1.The substantive dispute concerns division of matrimonial properties between the parties. After certain determinations by the court and a consent between them the plaintiff filed a party and party Bill of Costs (BOC) in this matter on May 13, 2021. The BOC is titled as a BOC:The BOC is under Schedule 6 of the Advocates Remuneration Order.
2.On September 23, 2021, the respondent filed a preliminary objection dated September 17, 2021 raising the following objections:1.That the Bill of Costs is incompetent and bad in law by virtue of the order given on November 3, 2020 and issued on November 12, 2020 whereby each party was ordered to meet its own costs.2.That the bill of costs is an abuse of the court process.
3.By consent the preliminary objection was heard orally on January 23, 2023. The parties made brief submissions thereon.
4.Counsel for the plaintiff submitted that the preliminary objection was addressing a consent order issued on July 21, 2020. Thus, the Preliminary Objection is misplaced as far as party and party costs is concerned. The bill of costs concerns the decree made by court on September 28, 2018 and a ruling delivered on March 28, 2019. Counsel is challenging bill of costs in respect of a subsequent order. Costs had been granted by the court way before and no appeal had been filed.
5.Counsel for the respondent/defendant submitted that the Bill of Costs was drawn after the court had ordered in a judgement dated September 28, 2018. Parties entered into a consent settlement on July 21, 2020 which agreed that each party bears its own costs. On November 3, 2020 the court adopted the consent as an order of the court.
6.There had been no application filed indicating that the consent was entered into by mistake or duress. As such, the notice of motion dated February 22, 2021 was withdrawn on April 23, 2021. Accordingly, the Bill of Costs is bad in law and should be dismissed.
Issues for Determination
7.The only issue for determination is:Whether the bill of costs should be struck off with costs.
Analysis and Determination
8.A preliminary objection is described in the locus classicus case of Mukisa Biscuits Manufacturing Ltd v West End Distributors (1969) EA 696 where the court stated what constitutes a preliminary objection as follows:
9.I think the objection filed by the applicant is strictly a preliminary objection. It is one because it depends entirely on a proper appreciation of the facts in this case, which are not disputed. The question being one of interpretation as to whether the consent agreement between the parties wholly took into account all or only some of the parties’ costs.
10.The facts are as earlier stated, undisputed and are as follows regarding costs. I would say there are three facets to consider therein.
11.First, the suit was commenced by originating summons dated October 25, 2014 (wrongly indicated in the judgment as October 25, 2014), seeking, inter alia, declarations on land sub-division of, over twelve properties in dispute between the couple. That application was heard by this court, and a judgment on the merits delivered. The court awarded costs of that application to the applicant, LWK.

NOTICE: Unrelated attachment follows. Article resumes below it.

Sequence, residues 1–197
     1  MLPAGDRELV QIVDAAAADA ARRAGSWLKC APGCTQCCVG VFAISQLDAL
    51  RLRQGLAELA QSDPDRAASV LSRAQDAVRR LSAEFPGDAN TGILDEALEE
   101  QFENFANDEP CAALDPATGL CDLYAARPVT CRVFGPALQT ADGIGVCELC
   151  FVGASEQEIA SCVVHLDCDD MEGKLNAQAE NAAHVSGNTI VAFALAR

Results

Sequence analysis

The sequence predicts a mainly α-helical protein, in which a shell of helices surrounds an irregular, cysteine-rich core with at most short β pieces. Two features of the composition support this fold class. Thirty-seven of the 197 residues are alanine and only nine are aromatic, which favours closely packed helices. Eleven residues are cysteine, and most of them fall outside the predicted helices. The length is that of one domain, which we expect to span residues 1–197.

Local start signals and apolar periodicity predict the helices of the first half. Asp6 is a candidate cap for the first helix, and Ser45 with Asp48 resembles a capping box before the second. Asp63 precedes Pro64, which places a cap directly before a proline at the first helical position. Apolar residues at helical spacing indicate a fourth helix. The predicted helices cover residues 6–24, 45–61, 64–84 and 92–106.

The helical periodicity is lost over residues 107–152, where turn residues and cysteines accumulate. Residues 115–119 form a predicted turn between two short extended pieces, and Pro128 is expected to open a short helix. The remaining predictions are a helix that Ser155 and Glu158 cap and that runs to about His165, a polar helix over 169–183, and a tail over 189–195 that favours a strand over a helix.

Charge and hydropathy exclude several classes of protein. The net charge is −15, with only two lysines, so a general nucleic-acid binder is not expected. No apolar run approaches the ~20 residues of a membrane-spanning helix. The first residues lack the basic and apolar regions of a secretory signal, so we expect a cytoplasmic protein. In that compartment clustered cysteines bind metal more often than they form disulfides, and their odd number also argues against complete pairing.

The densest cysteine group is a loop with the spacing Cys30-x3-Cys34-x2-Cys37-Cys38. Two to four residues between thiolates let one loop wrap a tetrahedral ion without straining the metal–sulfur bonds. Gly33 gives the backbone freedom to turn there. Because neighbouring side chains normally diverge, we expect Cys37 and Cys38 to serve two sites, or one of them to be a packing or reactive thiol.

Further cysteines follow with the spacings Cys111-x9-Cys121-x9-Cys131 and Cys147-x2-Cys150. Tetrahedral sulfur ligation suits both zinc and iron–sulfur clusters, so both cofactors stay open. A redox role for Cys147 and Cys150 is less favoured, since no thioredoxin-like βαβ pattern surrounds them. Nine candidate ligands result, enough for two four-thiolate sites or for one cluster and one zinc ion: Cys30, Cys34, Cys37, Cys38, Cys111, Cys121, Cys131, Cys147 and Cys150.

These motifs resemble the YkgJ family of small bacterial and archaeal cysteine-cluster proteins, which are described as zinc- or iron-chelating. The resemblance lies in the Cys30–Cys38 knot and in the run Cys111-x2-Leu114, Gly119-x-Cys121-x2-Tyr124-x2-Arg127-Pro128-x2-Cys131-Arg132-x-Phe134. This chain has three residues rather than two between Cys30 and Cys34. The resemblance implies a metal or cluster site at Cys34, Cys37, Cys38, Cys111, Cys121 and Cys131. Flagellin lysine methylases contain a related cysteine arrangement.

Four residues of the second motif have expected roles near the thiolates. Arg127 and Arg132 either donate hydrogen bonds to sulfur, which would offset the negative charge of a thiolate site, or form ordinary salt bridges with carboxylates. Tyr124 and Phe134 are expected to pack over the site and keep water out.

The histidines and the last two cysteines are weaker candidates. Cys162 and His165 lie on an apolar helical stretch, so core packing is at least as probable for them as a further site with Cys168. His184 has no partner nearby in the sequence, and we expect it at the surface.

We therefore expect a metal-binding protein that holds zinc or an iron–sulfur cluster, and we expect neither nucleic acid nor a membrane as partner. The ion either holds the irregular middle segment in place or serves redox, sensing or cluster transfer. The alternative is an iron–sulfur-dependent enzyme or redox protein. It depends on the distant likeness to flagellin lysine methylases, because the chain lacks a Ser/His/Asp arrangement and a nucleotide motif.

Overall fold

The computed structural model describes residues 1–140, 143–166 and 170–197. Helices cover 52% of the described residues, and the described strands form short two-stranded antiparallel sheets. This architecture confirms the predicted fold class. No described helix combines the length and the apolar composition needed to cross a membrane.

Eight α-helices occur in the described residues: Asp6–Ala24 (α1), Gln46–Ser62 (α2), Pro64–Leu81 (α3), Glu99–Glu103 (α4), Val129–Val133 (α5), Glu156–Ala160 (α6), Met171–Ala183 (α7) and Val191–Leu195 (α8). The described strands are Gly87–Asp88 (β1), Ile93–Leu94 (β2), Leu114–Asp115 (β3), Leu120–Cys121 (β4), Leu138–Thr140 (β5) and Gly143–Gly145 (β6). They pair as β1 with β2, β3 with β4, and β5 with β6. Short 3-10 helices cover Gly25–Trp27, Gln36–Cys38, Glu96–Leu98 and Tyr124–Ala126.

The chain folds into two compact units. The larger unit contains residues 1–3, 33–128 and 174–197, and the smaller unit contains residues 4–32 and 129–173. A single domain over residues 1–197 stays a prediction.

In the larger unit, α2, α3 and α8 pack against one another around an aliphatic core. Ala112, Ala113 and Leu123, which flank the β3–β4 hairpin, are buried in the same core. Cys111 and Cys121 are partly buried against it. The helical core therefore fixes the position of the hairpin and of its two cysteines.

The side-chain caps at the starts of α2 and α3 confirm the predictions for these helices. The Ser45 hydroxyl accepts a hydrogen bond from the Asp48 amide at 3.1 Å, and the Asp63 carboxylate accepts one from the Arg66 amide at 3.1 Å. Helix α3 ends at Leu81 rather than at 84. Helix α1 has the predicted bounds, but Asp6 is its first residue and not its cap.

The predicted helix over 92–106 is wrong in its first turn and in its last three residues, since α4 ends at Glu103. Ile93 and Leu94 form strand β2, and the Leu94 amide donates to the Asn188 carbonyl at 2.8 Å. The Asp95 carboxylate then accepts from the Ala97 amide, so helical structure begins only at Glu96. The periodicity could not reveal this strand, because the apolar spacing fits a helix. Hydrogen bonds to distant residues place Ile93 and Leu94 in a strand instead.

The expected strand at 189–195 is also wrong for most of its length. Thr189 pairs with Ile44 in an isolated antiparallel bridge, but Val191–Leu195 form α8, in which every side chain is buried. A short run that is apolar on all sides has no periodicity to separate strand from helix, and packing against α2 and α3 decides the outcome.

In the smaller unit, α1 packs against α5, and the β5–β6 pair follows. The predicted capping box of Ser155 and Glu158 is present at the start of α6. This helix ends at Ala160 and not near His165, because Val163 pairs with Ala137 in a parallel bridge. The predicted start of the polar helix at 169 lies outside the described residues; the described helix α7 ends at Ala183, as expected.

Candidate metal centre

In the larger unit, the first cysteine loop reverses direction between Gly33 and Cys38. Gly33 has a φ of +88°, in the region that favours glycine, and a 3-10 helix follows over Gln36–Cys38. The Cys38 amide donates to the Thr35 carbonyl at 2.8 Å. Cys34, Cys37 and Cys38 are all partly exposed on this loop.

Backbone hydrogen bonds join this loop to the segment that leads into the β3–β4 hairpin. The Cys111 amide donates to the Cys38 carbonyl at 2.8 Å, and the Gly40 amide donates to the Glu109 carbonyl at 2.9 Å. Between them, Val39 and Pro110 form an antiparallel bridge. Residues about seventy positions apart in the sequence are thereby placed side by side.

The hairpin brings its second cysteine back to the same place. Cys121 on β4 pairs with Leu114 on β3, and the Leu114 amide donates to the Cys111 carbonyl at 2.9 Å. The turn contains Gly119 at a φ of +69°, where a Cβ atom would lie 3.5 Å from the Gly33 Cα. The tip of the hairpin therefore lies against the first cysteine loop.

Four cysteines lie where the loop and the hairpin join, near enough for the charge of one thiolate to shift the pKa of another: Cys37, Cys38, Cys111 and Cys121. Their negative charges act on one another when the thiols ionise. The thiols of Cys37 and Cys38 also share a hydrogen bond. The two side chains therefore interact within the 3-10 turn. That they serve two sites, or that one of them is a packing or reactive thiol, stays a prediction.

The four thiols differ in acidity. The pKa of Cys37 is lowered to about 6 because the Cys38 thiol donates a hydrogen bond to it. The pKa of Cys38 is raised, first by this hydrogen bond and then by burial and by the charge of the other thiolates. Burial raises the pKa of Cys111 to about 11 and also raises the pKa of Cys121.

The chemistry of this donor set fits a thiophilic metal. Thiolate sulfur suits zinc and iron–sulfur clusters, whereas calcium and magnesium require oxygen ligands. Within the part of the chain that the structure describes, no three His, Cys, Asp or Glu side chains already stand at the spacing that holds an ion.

12.Second, the respondent, GMM, applied for stay of execution of the said judgment vide an application dated October 30, 2018. A ruling was issued by this court after hearing the parties on that application on June 6, 2019, declining the application. Costs of that application were awarded to the respondent thereto, LWK.
13.Third, there is the consent entered into between the parties, dated July 21, 2020. It was adopted as an order of the court on 2/2/2021. The Consent is entitled:I understand this title to refer to the agreed subject matter of the consent. Were there such applications as are mentioned in the consent?
14.There is an application dated August 14, 2019 filed by the applicant, GMM on August 15, 2019. It sought, inter alia, review and setting aside of the court’s judgment to the extent that it shared out LR Inoi/xxx/xxx. It also sought three other prayers. This application was the subject of the consent.
15.There is also an application dated October 26, 2018 filed by the plaintiff/applicant seeking that the Executive Officer do sign various statutory transfer documents, and dispense with attendance to Land Control Board by the respondent. The proceedings of November 22, 2019 show that the parties sought to compromise that application and time was given for negotiations thereon by the court. This application was also the subject of the consent.
16.In light of the foregoing, and having carefully perused the file and listened to the parties’ representations it is clear to me beyond any doubt, what the parties intended. They intended that the Consent Orders be treated as a settlement for, and as applicable to, the two applications dated August 14, 2019 and October 26, 2018, respectively.
17.Similarly, it is clear that separately from the consent, this court awarded costs to LWK for the applications covered in the Judgment and the Ruling as stated herein. Clearly, those costs were not included in the consent orders adopted by the court.
18.Ultimately, therefore, the objection herein cannot stand and is dismissed. The Bill of Costs will be taxed in the normal manner.
19.No order as to costs is made in respect of this application.